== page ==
Recovery and harvest of heat is the conservationist’s best route to reduce energy consumption. The amounts of energy that escape use via heat is a stunning number and the heat available from solar and geothermal are huge resources. When a new technology shows up, even if it’s at the first bright idea stage, we want to know more.
Professor Andrew Jordan of the University of Rochester is proposing a new type of nanoscale engine that would use quantum dots to generate electricity from waste heat, potentially making microcircuits as an example, more efficient.
Jordan said, “The system is really a simple one, which exploits certain properties of quantum dots to harvest heat. Despite this simplicity, the power it could generate is still larger than any other nanoengine that has been considered until now.”
The engines would be microscopic in size, and have no moving parts. Each would only produce a tiny amount of power – a millionth or less of what a light bulb uses. But by combining millions of the engines in a layered structure, Jordan says a device that was a square inch in area could produce about a watt of power for every one-degree’s difference in temperature. Enough of them could make a notable difference in the energy consumption of the computer example.
Do the math on that and the good professor has a much better idea than he’s thinking. Your standard sheet of paper could have the energy to drive a 75-watt bulb. Maybe its too good to be true . . .
A paper describing the new work has being published in Physical Review B by Jordan, a theoretical physics professor, and his collaborators, Björn Sothmann and Markus Buttiker from the University of Geneva, and Rafael Sánchez from the Material Sciences Institute in Madrid.
Jordan explained that each of the proposed nanoengines is based on two adjacent quantum dots, with current flowing through one and then the other. Quantum dots are manufactured systems that due to their small size act as quantum mechanical objects, or artificial atoms.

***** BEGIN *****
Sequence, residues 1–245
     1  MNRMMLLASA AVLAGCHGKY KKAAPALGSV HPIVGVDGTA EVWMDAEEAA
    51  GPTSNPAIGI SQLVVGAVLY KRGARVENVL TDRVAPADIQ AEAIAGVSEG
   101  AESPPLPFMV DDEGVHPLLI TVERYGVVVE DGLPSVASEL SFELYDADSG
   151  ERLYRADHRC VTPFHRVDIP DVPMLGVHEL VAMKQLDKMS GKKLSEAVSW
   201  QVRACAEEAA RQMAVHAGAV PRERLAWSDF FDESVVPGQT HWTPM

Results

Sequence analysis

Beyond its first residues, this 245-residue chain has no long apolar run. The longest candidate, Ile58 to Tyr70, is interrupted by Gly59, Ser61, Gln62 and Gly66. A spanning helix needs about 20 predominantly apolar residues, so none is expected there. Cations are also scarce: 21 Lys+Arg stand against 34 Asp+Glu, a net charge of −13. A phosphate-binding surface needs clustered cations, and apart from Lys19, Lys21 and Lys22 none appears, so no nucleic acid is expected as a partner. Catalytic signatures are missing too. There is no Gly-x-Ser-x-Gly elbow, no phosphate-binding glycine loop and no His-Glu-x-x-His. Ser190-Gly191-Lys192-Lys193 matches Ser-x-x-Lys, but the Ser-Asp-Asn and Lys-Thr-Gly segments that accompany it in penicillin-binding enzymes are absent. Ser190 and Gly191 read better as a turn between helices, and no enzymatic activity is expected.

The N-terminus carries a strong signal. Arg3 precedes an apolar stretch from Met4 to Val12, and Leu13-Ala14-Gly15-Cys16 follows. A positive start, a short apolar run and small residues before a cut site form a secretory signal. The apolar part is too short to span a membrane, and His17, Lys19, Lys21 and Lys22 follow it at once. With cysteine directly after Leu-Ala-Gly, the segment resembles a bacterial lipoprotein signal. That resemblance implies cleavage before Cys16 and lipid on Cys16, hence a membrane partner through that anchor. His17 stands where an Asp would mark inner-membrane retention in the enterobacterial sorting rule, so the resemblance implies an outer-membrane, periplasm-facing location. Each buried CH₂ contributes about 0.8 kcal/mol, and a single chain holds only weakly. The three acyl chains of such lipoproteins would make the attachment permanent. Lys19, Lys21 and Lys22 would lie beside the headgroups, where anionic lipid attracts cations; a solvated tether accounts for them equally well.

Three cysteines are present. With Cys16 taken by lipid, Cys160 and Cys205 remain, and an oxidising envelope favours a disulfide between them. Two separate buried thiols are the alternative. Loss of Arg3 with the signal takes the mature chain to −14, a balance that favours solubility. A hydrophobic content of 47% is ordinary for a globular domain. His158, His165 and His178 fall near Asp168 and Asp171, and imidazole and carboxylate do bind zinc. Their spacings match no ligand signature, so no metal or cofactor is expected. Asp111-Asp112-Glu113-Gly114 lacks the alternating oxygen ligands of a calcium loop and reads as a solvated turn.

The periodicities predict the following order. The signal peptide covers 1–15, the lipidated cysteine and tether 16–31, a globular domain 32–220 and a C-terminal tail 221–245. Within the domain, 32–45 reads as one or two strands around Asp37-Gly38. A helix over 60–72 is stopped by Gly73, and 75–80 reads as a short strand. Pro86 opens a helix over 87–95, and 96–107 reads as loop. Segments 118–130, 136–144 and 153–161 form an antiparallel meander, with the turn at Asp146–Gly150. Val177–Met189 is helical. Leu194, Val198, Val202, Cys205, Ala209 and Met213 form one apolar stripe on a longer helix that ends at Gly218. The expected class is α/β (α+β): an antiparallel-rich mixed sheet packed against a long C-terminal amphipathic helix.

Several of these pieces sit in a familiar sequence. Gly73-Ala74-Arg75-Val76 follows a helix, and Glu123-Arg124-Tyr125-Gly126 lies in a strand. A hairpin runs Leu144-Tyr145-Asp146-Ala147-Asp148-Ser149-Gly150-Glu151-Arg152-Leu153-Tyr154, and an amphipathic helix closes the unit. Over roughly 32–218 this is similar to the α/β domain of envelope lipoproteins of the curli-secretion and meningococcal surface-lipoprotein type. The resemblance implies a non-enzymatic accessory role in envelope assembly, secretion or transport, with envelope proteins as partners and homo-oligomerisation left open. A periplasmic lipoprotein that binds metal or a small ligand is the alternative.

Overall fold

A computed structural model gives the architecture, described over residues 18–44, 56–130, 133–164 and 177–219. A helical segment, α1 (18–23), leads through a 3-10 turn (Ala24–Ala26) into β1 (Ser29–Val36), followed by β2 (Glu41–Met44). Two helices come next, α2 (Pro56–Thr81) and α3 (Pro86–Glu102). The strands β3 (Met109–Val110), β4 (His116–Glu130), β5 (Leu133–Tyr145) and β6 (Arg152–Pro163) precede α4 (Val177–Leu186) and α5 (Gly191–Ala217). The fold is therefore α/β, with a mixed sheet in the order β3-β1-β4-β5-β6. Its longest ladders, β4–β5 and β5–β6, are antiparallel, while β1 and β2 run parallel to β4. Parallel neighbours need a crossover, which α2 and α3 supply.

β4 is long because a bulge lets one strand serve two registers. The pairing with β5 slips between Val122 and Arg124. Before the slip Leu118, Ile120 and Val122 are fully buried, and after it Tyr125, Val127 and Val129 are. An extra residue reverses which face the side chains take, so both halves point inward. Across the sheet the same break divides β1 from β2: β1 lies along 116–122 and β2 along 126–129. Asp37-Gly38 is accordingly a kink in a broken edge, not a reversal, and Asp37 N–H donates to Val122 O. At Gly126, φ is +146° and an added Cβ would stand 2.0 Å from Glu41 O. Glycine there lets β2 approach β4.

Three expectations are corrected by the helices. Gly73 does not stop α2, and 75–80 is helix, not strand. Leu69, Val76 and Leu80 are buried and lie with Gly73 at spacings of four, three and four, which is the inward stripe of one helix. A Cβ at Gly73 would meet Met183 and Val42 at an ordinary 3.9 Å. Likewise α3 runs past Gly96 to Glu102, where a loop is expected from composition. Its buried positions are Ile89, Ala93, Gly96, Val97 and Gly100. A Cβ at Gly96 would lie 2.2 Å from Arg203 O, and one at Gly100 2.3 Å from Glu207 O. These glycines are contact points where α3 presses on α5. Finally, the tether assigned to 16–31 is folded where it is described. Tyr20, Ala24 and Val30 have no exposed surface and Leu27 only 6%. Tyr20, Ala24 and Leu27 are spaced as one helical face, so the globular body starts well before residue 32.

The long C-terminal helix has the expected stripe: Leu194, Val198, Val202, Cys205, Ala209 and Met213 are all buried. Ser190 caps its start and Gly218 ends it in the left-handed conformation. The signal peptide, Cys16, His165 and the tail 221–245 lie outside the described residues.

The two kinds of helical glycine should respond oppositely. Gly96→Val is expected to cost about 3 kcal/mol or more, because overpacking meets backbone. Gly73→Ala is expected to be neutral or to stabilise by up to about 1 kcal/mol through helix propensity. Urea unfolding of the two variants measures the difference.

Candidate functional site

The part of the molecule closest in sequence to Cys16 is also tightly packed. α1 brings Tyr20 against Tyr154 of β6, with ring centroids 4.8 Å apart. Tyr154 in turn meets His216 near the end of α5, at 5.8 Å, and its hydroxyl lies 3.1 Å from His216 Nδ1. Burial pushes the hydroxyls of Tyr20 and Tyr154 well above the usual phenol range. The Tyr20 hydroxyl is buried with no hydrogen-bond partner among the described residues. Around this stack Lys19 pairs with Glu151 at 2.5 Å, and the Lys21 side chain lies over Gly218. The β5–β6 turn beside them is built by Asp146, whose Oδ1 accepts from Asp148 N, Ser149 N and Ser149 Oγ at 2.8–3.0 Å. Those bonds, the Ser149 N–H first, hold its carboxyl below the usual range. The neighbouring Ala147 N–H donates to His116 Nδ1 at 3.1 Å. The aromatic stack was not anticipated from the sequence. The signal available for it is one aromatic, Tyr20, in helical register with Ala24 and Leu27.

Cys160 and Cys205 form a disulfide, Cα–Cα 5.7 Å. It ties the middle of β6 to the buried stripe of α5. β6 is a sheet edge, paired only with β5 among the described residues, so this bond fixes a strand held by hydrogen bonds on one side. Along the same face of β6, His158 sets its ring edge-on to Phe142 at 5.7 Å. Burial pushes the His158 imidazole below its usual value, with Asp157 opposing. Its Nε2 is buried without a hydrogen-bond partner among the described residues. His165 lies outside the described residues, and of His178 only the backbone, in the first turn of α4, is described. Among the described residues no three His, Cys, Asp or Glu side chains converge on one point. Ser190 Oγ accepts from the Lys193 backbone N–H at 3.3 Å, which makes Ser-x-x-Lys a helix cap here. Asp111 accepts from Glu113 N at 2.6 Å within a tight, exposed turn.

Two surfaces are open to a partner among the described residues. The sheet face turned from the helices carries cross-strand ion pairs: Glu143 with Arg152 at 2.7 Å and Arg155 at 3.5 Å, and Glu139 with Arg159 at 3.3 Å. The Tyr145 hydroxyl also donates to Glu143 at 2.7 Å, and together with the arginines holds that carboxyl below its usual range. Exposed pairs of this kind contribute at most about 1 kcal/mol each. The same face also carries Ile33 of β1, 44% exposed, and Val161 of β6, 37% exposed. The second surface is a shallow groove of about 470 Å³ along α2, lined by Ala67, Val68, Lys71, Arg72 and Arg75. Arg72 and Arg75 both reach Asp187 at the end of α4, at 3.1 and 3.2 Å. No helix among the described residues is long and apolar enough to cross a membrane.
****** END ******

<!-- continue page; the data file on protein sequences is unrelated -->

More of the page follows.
The path the electrons have to take across both quantum dots can be adjusted to have an uphill slope. To make it up this (electrical) hill, electrons need energy. They take the energy from the middle of the region, which is kept hot, and use this energy to come out the other side, higher up the hill. This removes heat from where it is being generated and converts it into electrical power with a high efficiency.
To do this, the system makes use of a quantum mechanical effect called resonant tunneling, which means the quantum dots act as perfect energy filters. When the system is in the resonant tunneling mode, electrons can only pass through the quantum dots when they have a specific energy that can be adjusted. All other electrons that do not have this energy are blocked.
Quantum dots can be grown in a self-assembling way out of semiconductor materials. This allows for a practical way to produce many of these tiny engines as part of a larger array, and in multiple layers, which the authors refer to as the Swiss Cheese Sandwich configuration (see image above).
How much electrical power is produced depends on the temperature difference across the energy harvester – the higher the temperature difference, the higher the power that will be generated. This requires good insulation between the hot and cold regions, Jordan says.
The idea proposes great numbers. One would wonder how the performance would change as temperature differences get larger and other salient inputs and design impacts apply. Your humble writer for one is very hopeful the funding appears to pursue this idea.